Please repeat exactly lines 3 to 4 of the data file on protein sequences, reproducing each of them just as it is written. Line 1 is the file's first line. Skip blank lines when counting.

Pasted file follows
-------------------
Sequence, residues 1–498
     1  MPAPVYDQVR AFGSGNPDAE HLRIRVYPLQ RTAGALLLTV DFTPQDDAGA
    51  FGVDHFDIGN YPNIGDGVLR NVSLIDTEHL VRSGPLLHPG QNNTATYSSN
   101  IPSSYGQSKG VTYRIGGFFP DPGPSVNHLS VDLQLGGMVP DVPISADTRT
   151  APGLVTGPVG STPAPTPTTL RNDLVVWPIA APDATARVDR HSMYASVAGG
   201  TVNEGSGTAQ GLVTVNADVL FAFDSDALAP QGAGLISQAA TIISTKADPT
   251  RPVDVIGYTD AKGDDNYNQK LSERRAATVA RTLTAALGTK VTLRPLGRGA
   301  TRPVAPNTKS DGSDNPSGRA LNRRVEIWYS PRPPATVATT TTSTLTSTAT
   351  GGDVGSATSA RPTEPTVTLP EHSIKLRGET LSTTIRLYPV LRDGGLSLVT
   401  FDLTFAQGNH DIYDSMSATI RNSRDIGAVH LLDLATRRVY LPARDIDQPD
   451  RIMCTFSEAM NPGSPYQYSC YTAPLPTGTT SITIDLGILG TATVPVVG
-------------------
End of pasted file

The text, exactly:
    51  FGVDHFDIGN YPNIGDGVLR NVSLIDTEHL VRSGPLLHPG QNNTATYSSN
   101  IPSSYGQSKG VTYRIGGFFP DPGPSVNHLS VDLQLGGMVP DVPISADTRT